Josh McDowell and Sean McDowell, The Resurrection and You Baker Books, a division of Baker Publishing Group, © 2017. Used by permission.

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1 Why the Resurrection Matters The World’s Only Hope

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onsider this comment a girl posted on an atheist website:

I’m confused . . . I always believed science would be the cure-all for my problems, but I don’t know if I can keep living without eternal life. I guess I’ll just have to find a way myself to make it through this meaningless existence. I just wish I knew of someone who could show me the path to eternal life. If science can’t provide the answers, though, then who or what can!? *sigh* Doesn’t it seem like there is a higher power that gives our lives purpose? Well, science says there isn’t, so there isn’t.1

Josh McDowell and Sean McDowell, The Resurrection and You Baker Books, a division of Baker Publishing Group, © 2017. Used by permission.

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Have you ever felt like this girl? Can you relate to her angst? Have you ever really wondered, in an atheistic universe, if there is any point at all? Even Bertrand Russell, the great and influential philosopher, realized that an atheistic universe is truly meaningless.2 Hope is in short supply in our culture these days. If life as one sees it now on this pain-filled planet is all there is, then existence is indeed meaningless and one must, as this girl says, “find a way myself.” She realizes there is one thing that would make everything meaningful: eternal life. She once expected science to find a way for humans to live forever, but she has come to realize that it cannot. At one point in history, there was a band of people who trusted in someone they fervently believed would truly change the world for good. A handful of devout Jewish people thought a man named Jesus was the Messiah— the deliverer who would break their oppressive bondage under the Romans and set up a permanent and truly godly kingdom on earth. Their prophet Isaiah had prophesied in the ancient Jewish writings that the Messiah would come and restore all things to a paradise, where there would be no more fighting, oppression, fear, or death (Isa. 11; 35). Everyone would live together in peace forever. Imagine the terrible mental and emotional state of that small group of followers as they stood watching the Messiah, their deliverer, breathing his last agonized breath, hung to die as a common criminal on a Roman cross. They had given up everything to follow him. But now here he Josh McDowell and Sean McDowell, The Resurrection and You Baker Books, a division of Baker Publishing Group, © 2017. Used by permission.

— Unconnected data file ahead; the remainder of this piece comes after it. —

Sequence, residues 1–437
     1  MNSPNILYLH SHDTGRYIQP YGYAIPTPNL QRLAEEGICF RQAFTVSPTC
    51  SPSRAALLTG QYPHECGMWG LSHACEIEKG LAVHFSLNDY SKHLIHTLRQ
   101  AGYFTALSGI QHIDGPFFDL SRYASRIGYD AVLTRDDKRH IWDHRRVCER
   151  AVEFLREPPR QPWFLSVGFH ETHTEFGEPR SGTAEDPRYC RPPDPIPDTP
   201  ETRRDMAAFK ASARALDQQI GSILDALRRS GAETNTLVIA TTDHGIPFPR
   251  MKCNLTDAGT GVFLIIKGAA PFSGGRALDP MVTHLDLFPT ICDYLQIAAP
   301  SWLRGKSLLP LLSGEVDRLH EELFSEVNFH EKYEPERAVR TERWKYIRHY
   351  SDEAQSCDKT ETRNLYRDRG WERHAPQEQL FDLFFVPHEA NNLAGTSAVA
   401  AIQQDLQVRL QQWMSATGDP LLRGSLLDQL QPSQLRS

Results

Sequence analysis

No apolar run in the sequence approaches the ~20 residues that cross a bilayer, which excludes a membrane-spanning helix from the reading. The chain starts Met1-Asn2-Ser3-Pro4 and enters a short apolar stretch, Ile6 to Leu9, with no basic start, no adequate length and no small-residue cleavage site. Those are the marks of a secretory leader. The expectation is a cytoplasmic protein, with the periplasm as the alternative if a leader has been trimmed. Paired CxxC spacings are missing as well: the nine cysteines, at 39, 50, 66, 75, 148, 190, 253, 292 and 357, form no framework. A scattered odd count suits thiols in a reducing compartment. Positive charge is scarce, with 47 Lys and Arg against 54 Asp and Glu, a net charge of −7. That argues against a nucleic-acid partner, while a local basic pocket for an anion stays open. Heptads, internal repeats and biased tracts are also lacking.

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W hy the Resurrection Matter

was, nailed up on a cross. Dying! And dying with him were all the hopes they had placed in him. They must have felt like the girl we quoted above. Life seemed meaningless. Everything was hopeless. There seemed to be no way out of their absurd existence, no pathway to an ideal, eternal life. Mary Magdalene was one of those followers of Jesus the Messiah. She supported his ministry financially and believed he was the one whom God had chosen to bring eternal peace to the world. She stood near the cross and witnessed the cruel execution of her master, and now her life was in utter turmoil. After the Roman soldiers determined that Jesus was dead, they took him down from the cross and gave his body to a wealthy Jewish official to be buried in a new tomb. Mary left the dismal scene determined to visit his tomb after the burial was completed. Early Sunday morning she went to the tomb, and there she experienced another setback. Not only had Jesus been unjustly killed but also, to her alarm, the tomb was open and his body was gone. Fearing that someone had stolen the body, she ran to Peter and John, two of Jesus’ followers, telling them what she had seen. In utter disbelief, the two men quickly ran to the tomb to check out her story for themselves. When they arrived, they saw the collapsed shell of the graveclothes still intact, but the body was nowhere to be found. Frightened and confused, the two disciples returned home. But Mary lingered behind. She peered back in the Josh McDowell and Sean McDowell, The Resurrection and You Baker Books, a division of Baker Publishing Group, © 2017. Used by permission.